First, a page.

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Childcare (also written child care[1] and babycare) is the act of caring for and supervising children of any age in a wide variety of settings]]. (In Australia, daycare is referred to as "childcare"—cf.)

Childcare roles

It is traditional in western society for children to be looked after by one or both of their parents, but the need, or preference, for two-job households means that childcare is delegated to Au Pairs, childminders or crèches on a full-time (40hrs) or part-time (< 40hrs) basis.

Most Western countries also have compulsory education during which children are at school starting from 5- or 6-years of age. The school will act in loco parentis meaning "in lieu of parent supervision".

Where parents are missing, dead, unable or unfit to care for children, state agencies such as social services may take on the childcare role.

Another option, that may be more intimate and often keeps children in their own home setting is through the use of nannies or an au pair. Additionally, parents may opt to have their own family members watch their children.

In the United States, childcare in regulated commercial or family childcare home setting is administered or lead by teachers who may have a Child Development Associate or higher credentials. [How to reference and link to summary or text]

The childcare debate

For many, the use of paid childcare is a matter of choice with arguments raging on both sides about whether children suffer or not.

There is no doubt that the first few years of a child's life are vitally important to form a basis for good education, morality, self-discipline and social integration.[How to reference and link to summary or text] Consistency of approach, skills and qualifications of careers and ownership have been shown in many studies to improve the chances of a child reaching his or her full potential.

For example a recent study in Australia[2] concluded centers run by corporate chains provided the lowest quality care when compared to community-based providers and independent private centres.

The challenge of childcare

In many families (and almost exclusively so in some communities), the childcare role is taken on by the extended family. One of the challenges for parents who choose to use other sources of childcare is finding and affording qualified providers.

Some jurisdictions require licensing or certification. Parents may also turn to independent rating services, or rely on recommendations and referrals. Some places develop voluntary quality networks, for example in Australia most childcare services are part of the national Quality Assurance system which ensures they provide good developmental programs.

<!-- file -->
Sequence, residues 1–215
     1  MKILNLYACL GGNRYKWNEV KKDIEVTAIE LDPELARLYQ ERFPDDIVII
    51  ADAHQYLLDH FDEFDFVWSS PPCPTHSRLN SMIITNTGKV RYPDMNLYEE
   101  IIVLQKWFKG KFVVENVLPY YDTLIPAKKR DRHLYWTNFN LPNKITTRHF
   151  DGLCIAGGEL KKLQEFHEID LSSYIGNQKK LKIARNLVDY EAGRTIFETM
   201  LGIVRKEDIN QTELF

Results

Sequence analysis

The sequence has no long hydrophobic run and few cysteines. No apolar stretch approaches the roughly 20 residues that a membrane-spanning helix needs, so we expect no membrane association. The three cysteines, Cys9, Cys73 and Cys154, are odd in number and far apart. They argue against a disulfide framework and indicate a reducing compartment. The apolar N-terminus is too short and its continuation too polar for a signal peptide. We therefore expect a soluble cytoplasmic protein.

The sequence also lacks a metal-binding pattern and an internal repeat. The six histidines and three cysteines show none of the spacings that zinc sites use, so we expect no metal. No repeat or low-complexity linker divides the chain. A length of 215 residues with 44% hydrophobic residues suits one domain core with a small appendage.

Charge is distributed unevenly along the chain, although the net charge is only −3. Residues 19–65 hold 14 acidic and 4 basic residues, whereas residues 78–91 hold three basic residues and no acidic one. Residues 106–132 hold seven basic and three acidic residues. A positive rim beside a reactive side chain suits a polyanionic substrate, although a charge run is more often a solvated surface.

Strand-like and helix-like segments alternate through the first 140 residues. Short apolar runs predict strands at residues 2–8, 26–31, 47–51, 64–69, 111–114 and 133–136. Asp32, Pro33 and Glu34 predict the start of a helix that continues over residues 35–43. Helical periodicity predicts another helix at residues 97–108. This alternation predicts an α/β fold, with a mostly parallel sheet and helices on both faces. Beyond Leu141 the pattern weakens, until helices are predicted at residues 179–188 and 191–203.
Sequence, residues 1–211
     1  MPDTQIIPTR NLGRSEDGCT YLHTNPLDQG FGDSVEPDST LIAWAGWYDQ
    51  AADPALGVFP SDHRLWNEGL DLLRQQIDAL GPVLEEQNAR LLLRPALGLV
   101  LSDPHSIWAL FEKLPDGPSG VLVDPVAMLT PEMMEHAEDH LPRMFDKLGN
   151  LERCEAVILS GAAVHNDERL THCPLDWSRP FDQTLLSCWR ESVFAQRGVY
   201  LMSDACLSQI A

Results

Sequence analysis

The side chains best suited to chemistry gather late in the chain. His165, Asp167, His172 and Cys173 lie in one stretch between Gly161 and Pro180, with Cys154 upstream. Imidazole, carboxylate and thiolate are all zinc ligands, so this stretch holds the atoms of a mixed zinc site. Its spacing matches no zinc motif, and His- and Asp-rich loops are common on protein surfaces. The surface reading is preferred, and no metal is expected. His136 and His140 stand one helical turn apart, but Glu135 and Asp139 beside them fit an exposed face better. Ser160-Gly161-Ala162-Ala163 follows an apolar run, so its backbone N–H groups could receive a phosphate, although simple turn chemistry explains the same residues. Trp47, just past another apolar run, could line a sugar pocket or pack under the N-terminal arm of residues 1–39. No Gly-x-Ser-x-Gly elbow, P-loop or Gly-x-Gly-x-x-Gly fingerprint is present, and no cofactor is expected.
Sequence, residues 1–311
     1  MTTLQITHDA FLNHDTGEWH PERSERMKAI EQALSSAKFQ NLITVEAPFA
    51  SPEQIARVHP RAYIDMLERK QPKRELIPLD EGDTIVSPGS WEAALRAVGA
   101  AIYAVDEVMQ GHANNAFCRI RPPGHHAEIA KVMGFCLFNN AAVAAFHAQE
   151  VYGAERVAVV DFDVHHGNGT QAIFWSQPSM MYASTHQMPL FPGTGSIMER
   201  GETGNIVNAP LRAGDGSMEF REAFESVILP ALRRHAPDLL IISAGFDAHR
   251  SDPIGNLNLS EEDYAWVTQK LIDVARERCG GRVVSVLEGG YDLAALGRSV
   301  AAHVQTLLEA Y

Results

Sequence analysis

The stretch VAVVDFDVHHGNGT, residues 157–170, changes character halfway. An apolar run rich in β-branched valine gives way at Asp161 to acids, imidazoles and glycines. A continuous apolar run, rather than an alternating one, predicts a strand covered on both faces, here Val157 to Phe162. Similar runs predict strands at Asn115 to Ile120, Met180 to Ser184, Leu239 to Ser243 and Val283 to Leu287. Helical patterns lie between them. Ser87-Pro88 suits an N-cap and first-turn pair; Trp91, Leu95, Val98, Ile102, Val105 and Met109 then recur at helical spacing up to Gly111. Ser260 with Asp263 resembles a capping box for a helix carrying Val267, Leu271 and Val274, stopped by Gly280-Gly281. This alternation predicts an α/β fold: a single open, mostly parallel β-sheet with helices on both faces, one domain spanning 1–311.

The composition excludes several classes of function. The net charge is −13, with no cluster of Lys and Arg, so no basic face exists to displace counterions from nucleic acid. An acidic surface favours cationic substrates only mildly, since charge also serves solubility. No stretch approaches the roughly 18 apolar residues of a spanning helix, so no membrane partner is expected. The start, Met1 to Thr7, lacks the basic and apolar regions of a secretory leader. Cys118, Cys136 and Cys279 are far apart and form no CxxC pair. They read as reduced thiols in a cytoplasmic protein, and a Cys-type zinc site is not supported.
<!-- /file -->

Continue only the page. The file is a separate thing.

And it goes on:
Many organizations (in the developed world) campaign for free or subsidized childcare for all. Others campaign for tax breaks or allowances to allow parents a non-finance driven choice. Many of the free or subsidized childcare programs in the United States are also Child Development programs, or after school programs which hire certified teachers to teach the children while they are in their care.

Most countries have laws relating to childcare, which seek to prevent and punish child abuse. Such laws may add cost and complexity to childcare provision and may provide tools to help ensure quality childcare.

Finding childcare providers online

The Internet has become a tool for parents and childcare providers to connect.

Online classified ads allow parents to post job offers and childcare providers to post resumes in hopes of connecting with each other via cyberspace. Such postings allow anyone to post almost anything at any time with little monitoring. Services dedicated to matching parents and childcare providers have evolved from for-profit, nonprofit and governmental organizations. Such services generally offer greater screening, than general listing services.

See also


  1. Both childcare and child care are common, acceptable spelling of the word. Child care is the preferred spelling in accordance with AP Style.
  2. 2006, Rush, The Australia Institute

External links

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